GDPR, or the General Data Protection Regulation, came into force in May 2018. It is a part of EU law that relates to the sharing of personal data. The legal team at DPP GDPR can help you to comply with this legislation. Contact us today on 0333 200 5859.
It’s vital that businesses adhere to the data protection regulations of GDPR. Failing to do so may result in a breach. This could make it possible for third parties to access your clients’ or employees’ data.
This data may include:
- Location details
- Financial records
- Sensitive means of identification
- Information that may see them come to harm if it’s made public
Call our GDPR compliance solicitors today if you need expert advice and representation: 0333 200 5859
How our GDPR compliance solicitors can help you
The data protection solicitors at DPP GDPR provide valuable assistance as follows:
- Guidance for companies aiming to ensure GDPR compliance
- Legal advice on the creation and revision of data protection processes, policies and contracts
- Building a strong legal defence if someone accuses you of breaching data protection
- Guidance on dealing with a data breach
- Assistance with data protection audits, Subject Access Requests and inspections
- Advice on the proper processes for record-keeping. This will include managing data consents and creating privacy notice
Additionally, our GDPR compliance solicitors may assist you with matters of:
- Commercial and corporate law
- Contract law
- Intellectual property law
- Technology law
How to become GDPR compliant
Article 28 of the GDPR gives details of the information that all Data Processor Agreement should contain.
This document sets out the duties of a data processor. The individual or organisation who works with the data that’s collected. It is also very helpful as a starting point for your company’s approach to GDPR.
The duties it describes include:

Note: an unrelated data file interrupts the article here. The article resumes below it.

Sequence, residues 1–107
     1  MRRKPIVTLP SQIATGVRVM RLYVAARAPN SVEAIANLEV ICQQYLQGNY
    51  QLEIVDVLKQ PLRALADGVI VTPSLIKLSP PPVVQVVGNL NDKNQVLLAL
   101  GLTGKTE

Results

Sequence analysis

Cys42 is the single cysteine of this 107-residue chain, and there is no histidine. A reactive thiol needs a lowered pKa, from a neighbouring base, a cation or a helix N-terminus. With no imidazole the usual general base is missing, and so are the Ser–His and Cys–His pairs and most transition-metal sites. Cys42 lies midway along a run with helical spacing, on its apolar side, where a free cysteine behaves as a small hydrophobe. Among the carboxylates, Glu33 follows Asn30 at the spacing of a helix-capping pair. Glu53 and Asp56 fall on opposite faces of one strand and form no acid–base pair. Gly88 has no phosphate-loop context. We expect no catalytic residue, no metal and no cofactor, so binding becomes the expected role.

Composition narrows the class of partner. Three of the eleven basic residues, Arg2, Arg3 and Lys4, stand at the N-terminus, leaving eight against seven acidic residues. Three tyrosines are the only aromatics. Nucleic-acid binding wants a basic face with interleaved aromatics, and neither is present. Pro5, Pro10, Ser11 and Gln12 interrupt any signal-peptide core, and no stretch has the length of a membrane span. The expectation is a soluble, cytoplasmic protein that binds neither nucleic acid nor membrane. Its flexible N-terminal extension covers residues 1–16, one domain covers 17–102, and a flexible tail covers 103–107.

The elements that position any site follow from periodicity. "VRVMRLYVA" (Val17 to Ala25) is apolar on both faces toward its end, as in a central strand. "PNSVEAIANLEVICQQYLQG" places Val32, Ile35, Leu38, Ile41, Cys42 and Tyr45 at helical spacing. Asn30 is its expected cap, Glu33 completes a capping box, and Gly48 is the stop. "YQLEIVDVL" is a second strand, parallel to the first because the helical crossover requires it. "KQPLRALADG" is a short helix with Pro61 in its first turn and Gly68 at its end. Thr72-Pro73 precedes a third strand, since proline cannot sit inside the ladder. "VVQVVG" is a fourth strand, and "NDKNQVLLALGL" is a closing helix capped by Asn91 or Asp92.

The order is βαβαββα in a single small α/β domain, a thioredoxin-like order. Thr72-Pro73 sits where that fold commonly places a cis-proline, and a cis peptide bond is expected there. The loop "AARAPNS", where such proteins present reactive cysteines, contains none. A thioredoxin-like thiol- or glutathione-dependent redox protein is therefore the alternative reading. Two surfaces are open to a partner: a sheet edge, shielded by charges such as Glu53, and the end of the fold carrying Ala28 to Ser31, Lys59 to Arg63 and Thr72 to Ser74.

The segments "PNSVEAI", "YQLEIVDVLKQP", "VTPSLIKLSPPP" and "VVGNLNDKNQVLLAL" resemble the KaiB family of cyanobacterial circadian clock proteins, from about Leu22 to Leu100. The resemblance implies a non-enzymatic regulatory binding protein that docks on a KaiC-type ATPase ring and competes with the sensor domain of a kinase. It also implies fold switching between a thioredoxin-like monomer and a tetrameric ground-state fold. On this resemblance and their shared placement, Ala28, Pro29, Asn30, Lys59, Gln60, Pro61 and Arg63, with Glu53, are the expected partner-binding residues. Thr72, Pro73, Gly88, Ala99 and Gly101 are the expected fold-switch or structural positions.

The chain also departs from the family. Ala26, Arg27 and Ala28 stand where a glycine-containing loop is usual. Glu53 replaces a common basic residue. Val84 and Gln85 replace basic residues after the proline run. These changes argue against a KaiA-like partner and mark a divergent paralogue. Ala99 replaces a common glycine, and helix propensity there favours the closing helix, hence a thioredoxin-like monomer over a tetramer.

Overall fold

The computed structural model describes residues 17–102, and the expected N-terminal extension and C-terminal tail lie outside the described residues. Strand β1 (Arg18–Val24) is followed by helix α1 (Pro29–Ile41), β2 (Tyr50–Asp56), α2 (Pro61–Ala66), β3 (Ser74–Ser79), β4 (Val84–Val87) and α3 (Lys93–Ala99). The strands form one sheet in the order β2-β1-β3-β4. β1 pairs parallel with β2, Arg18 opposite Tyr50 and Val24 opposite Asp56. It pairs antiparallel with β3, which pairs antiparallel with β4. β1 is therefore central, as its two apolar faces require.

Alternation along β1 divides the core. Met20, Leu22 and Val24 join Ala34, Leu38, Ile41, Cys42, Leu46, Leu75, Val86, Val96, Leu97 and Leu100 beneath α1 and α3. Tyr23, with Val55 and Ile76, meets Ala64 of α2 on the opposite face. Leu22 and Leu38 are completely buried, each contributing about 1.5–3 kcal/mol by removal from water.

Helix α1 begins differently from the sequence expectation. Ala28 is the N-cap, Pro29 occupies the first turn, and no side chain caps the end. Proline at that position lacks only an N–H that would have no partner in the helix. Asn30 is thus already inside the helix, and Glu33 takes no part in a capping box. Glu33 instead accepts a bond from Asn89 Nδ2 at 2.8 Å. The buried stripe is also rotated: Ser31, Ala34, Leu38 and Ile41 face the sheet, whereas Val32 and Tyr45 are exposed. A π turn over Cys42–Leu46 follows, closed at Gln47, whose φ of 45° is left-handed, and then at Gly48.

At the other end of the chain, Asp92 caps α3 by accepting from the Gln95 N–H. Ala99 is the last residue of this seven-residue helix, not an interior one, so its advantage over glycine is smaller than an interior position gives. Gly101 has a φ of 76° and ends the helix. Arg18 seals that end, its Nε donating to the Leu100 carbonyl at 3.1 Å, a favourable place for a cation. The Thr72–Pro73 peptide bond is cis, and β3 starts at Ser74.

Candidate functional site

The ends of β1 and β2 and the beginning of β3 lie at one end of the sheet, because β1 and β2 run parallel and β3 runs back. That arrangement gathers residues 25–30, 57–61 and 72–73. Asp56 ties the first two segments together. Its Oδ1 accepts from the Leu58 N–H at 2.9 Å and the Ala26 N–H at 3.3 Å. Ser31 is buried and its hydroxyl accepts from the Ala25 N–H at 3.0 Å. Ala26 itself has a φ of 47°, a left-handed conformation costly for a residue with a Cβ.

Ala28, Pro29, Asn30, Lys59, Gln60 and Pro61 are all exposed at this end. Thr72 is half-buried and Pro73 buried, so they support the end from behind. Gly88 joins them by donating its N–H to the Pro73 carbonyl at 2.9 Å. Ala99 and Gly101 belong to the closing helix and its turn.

- Explaining the purpose of any and all data collection
- Retaining data only for as long as required, and only using it for the stated purpose. (After it is finished with, you must destroy or return it)
- Detailing exactly how long you will retain the data
- Recording the subject matter of type of data you will be collecting
- Grouping data and its subjects into comprehensible categories
- Making all data and processes available to the ICO or any other relevant regulatory body – including the data controller – when required
- Ensuring that all new approaches or technologies required by law are implemented as soon as possible
- Only taking actions that are approved by the relevant data controllers
Your organisation may only store data in a location or on a device that is totally secure. Unauthorised individuals should not be able to gain access under any circumstances.
The subjects of your data have the right to make a Subject Access Request at any time and you must provide the required information within 40 days.
You must always make sure you have clear, provable consent to retain the data in question.
Frequently asked questions about GDPR compliance
What happens if a company breaches data protection?
If a DPA breach occurs, your company may be investigated or audited by the ICO or other authorities. You must not obstruct this investigation in any way.
You may receive an official warning and it is likely that it’ll require you to make changes to your existing practices.
Your organisation may be banned from either collecting data and/or transferring data to third parties or other countries.
This ban may be either temporary or permanent depending on the severity of the breach.
Your permission to process certain types of data may also be restricted.
Finally, you may also face considerable damages and fines, which may reach:
- 2% of your company’s annual revenue or €10 million (whichever is greater) for a lesser breach
- 4% of your company’s annual revenue or €20 million (whichever is greater) for a more serious breach
Who has a duty to monitor compliance with GDPR?
The ICO (Information Commissioner’s Office) regulates GDPR. Data processors may also be audited by their relevant data controller.
Any organisation that collects data must ensure that they comply with GDPR at all times.
How can I demonstrate that my organisation is compliant with GDPR?
It’s also beneficial to have a focused GDPR declaration that details all the steps you have taken.
You should already have a privacy statement linked to all web-related data collection approaches. Explaining your approach to GDPR here and in any resulting mailing list messages will help.